Ngô Quốc Anh

March 29, 2014

A new Rayleigh-type quotient for the conformal Killing operator on manifolds with boundary

Filed under: Riemannian geometry — Tags: — Ngô Quốc Anh @ 15:22

In the previous note, I showed a Rayleigh-type quotient for the conformal Killing operator \mathbb L on manifolds (M,g) with boundary \partial M, i.e. the following result holds:

Whenever M admits no non-zero conformal Killing vector fields, the following holds

\displaystyle C_g(M)=\inf \frac{{{{\left( {\int_M {|\mathbb LX|^2 d{v_g}} } \right)}^{1/2}}}}{{{{\left( {\int_M {|X|^{2n/(n - 2)}d{v_g}} } \right)}^{(n - 2)/(2n)}}}} > 0

where the infimum is taken over all smooth vector fields X on M with X \not\equiv 0.

Today, I am going to prove a slightly stronger version of the above inequality, namely, when some terms on the boundary \partial M take part in. Precisely, we shall prove

Whenever M admits no non-zero conformal Killing vector fields, the following holds

\displaystyle C_g(M,\partial M)=\inf \frac{{{{\left( {\int_M {|\mathbb LX|^2 d{v_g}} } \right)}^{1/2}}}}{{{{\left( {\int_M {|X|^\frac{2n}{n - 2}d{v_g}} } \right)}^\frac{n - 2}{2n}}} + \left( \int_{\partial M}|X|^\frac{2(n-1)}{n-2}ds_g\right)^\frac{n-2}{2(n-1)}} > 0

where the infimum is taken over all smooth vector fields X on M with X \not\equiv 0.

However, a proof for this new inequality remains the same. To do so, we first make use of some Sobolev embeddings as follows:

First, we denote N=2n/(n-2). In view of the Sobolev embedding W^{1,2}(M) \hookrightarrow L^N(M) and Sobolev trace embedding W^{1,2}(M) \hookrightarrow L^{N/2+1} (\partial M), we obtain the following inequalities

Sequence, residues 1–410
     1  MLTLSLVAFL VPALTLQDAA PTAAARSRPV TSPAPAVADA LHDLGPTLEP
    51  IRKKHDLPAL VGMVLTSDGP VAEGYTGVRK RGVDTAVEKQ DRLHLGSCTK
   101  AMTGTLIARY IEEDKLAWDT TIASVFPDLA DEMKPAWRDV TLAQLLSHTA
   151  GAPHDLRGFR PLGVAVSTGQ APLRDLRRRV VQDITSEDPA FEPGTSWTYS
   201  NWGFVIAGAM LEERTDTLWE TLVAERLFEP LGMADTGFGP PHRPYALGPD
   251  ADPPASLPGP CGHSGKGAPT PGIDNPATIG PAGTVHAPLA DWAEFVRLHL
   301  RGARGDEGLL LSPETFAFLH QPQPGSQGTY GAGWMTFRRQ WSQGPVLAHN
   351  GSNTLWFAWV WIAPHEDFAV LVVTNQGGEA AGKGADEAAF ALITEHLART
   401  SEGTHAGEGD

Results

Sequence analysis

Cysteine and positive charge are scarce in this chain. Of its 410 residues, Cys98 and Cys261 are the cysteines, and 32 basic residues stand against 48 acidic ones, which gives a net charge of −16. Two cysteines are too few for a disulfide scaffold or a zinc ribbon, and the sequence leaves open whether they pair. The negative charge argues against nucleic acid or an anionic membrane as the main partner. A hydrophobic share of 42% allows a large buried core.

\displaystyle\|X\|_{L^N(M)} \leqslant \mathcal S_M \|X\|_{W^{1,2}(M)}

and

\displaystyle\|X\|_{L^{N/2+1}(\partial M)} \leqslant \mathcal S_{\partial M} \|X\|_{W^{1,2}(M)}

for some positive constants \mathcal S_M and \mathcal S_{\partial M} independent of X. Therefore,

\displaystyle\|X\|_{L^N(M)} + \|X\|_{L^{N/2+1}(\partial M)} \leqslant ( \mathcal S_M+ \mathcal S_{\partial M}) \|X\|_{W^{1,2}(M)} .

By simply rewriting C_g(M,\partial M) as

\displaystyle \begin{array}{lcl}C_g(M,\partial M) &=&\displaystyle\inf_X \frac{\|\mathbb L X\|_{L^2(M)}}{\|X\|_{L^N(M)} + \|X\|_{L^{N/2+1}(\partial M)}} \\&=& \displaystyle\inf_X \frac{\|\mathbb L X\|_{L^2(M)}}{\|X\|_{W^{1,2}(M)}} \frac{\|X\|_{W^{1,2}(M)}} {\|X\|_{L^N(M)} + \|X\|_{L^{N/2+1}(\partial M)}} \\&\geqslant& \displaystyle\frac{1}{\mathcal S_M+ \mathcal S_{\partial M}}\inf_X \frac{\|\mathbb L X\|_{L^2(M)}}{\|X\|_{W^{1,2}(M)}},\end{array}

it suffices to prove that

\displaystyle\inf_X \frac{\|\mathbb L X\|_{L^2(M)}}{\|X\|_{W^{1,2}(M)}} >0.

We are now able to repeat all arguments in the previous note to conclude the result. Apparently, one can easly verify that

\displaystyle C_g(M,\partial) \leqslant C_g(M).

I take this chance to explain that all arguments for proving C_g >0 work and the fact C_g>0 holds true since the numerator involves \mathbb L which is of fourth order. Thefore, one can expect that the inequalities C_g >0 are actually stronger than usual Sobolev inequalities. One main difficulty is how to connect these fourth order operators acting on X, \|\mathbb LX\|_2, and \|\nabla X\|_2.

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